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Étoile, L' (Leterrier & Vanloo / Chabrier)




Opéra bouffe en trois actes créé au théâtre des Bouffes-Parisiens.


The “wellspring of French operetta” according to Francis Poulenc; a “legendary work, beloved of and sacred to every true musician” in the words of Reynaldo Hahn. Premiered on 28 November 1877 at the Théâtre des Bouffes-Parisiens, Chabrier’s L’Étoile is a firm favourite when it comes to French music. From Duparc to Stravinsky, including Debussy and Ravel, this work was loved by all and clearly prefigures the works of Messager or Poulenc’s Les Mamelles de Tirésias. An opéra bouffe in 3 acts, based on a libretto by Eugène Leterrier and Albert Vanloo, L’Étoile was a huge success at its first 48 performances, but was rarely revived subsequently. Its farcical plot employs misunderstandings and comical situations with just the right amount of feeling. Its basic storyline: King Ouf I is trying to find a victim for the traditional annual sacrifice. He thinks the peddler, Lazuli, might be a likely candidate… but then his astrologist reveals that the young man’s fate is linked to his own! Chabrier’s surprising score boasted a level of sophistication that was unusual for opéra bouffe. Without straying from the spirit of the genre or the Offenbachian tradition, the composer displayed an unfailing inventiveness, richness and refinement. His music did not merely underpin the comedy: the distinctive writing genuinely embodied it. Some of the numbers are particularly noteworthy: the quartet of business employees (“Nous voyageons incognito”), the couplets about death by impalement (Ouf) and about the rose (Princess Laoula), the irresistible Chartreuse duet (Ouf and Siroco) and, of course, Lazuli’s famous romance (“Oh, ma petite Étoile”).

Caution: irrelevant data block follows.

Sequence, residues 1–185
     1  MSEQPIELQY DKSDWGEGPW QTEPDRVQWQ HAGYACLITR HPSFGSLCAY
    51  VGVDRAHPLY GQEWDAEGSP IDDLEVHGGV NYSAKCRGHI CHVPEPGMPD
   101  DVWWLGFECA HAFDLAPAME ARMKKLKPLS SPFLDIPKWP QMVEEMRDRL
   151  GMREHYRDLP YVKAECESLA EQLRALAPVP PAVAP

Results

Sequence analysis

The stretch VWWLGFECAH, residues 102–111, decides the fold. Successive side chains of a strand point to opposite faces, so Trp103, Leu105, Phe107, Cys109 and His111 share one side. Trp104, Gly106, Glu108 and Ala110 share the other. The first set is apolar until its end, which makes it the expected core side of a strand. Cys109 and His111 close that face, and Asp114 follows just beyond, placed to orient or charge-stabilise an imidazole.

Persons - 3
  • CHABRIER, Emmanuel (1841-1894)
  • LETERRIER, Eugène (1843-1884)
  • VANLOO, Albert (1846-1920)
  • Theme - 1
  • Opera – Opera in France in the nineteenth century